If this is to be the season Fernando Torres finally emerges from the darkness as the £50m striker that Chelsea always hoped he would be then he can give some small measure of thanks to one linesman's bad call last night.
Torres' decisive goal was not simply offside, it was, in the fine margins of the extraordinary pace at which the modern game is played, the figurative mile off. Allowed to stand by linesman Andy Halliday it proved to be the turning point of the game at which Chelsea's comeback finally became impossible for Reading to resist any longer.
This was an impressive fightback from Chelsea from 2-1 behind after half an hour and they deserved a point from the game but the nature of Torres' goal will stick in the craw of Reading's manager Brian McDermott.
The European champions did indeed take the lead and they might have had a couple more through Ramires and Fernando Torres in the first 15 minutes. That was before Reading came back into the game and ended the half, improbably, as the much more dominant side.
What had happened to Chelsea? Even the goal that Chelsea scored was given away cheaply by Brian McDermott's side. Chris Gunter slid in on Hazard on the right side of the box with a tackle so clumsy that it would have been a surprise if the Belgian had not been able to gain some kind of foul. Frank Lampard drilled the penalty home.
Within seven minutes, Reading equalised with a header from Pavel Pogrebnyak. It changed Reading's attitude and soon after John Terry fouled Jobi McAnuff on the edge of the area. Danny Guthrie's free-kick, should not have caused Cech any problems but he made a hash of it. It fell awkwardly for him and the goalkeeper dropped the ball in the goal.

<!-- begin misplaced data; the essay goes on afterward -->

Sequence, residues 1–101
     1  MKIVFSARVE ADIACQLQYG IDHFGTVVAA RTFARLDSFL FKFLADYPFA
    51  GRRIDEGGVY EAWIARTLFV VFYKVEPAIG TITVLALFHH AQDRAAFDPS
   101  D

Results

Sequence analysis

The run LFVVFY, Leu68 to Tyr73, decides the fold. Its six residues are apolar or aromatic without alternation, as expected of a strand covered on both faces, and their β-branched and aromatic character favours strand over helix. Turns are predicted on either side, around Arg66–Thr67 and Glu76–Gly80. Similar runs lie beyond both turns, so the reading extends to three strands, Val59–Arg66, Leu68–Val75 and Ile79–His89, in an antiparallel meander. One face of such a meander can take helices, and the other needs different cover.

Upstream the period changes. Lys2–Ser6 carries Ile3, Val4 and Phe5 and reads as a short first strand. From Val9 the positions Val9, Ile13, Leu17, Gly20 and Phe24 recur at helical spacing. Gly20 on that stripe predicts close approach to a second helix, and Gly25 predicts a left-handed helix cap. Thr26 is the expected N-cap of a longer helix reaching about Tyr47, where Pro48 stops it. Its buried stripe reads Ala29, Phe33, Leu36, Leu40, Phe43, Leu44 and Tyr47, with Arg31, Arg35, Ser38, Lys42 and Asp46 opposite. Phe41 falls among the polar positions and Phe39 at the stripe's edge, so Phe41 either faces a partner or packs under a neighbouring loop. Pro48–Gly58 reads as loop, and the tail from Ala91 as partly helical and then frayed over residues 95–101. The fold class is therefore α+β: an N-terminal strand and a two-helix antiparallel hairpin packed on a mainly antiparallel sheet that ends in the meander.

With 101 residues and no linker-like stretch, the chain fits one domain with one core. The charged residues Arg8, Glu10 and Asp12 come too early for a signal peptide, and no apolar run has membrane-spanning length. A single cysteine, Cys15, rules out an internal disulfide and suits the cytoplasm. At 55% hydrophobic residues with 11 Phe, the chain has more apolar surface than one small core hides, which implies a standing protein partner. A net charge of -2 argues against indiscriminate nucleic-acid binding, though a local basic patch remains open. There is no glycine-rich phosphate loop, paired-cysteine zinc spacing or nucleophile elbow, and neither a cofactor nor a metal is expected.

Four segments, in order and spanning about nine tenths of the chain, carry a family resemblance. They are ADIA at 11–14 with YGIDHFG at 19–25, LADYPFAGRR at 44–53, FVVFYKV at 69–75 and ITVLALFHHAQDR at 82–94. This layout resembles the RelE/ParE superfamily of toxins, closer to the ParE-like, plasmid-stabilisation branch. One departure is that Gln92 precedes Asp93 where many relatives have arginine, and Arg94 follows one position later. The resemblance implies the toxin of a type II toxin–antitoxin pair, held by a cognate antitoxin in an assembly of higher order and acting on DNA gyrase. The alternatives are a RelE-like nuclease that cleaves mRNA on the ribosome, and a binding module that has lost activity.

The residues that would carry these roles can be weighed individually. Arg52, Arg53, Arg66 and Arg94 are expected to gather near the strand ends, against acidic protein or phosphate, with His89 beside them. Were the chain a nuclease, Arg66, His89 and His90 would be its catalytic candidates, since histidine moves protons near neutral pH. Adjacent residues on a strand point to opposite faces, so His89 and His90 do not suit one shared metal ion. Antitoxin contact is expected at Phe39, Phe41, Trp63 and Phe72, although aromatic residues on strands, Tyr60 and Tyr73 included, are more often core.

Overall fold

Ineffective in the latter part of the first half, Chelsea faltered for the opening stages after the break. Eventually Roberto Di Matteo replaced Ramires with the Brazilian Oscar and deployed three playmakers behind Torres.
Oscar looked bright but it was Hazard who really got Chelsea going in the second half. They equalised in the 69th minute. Gary Cahill's low drive was struck honestly but it did not have any degree of menace about it. Inexplicably, the Reading goalkeeper threw himself over the top of the ball and gave the home team an easy way back into the game.
The tide had turned and although Chelsea crafted a beautiful winning goal for Torres it should never have been given. Mata worked the ball forward with help from Lampard and Hazard and the ball arrived out left with Ashley Cole. His cross was simple for Torres to tuck away, not least because the striker was well-advanced in an offside position when the ball was played.
Until Ivanovic's late goal, Reading were still in the game. It was not the fourth they were complaining about to referee Mason at the end – it was the third goal that had cost them.Reuse content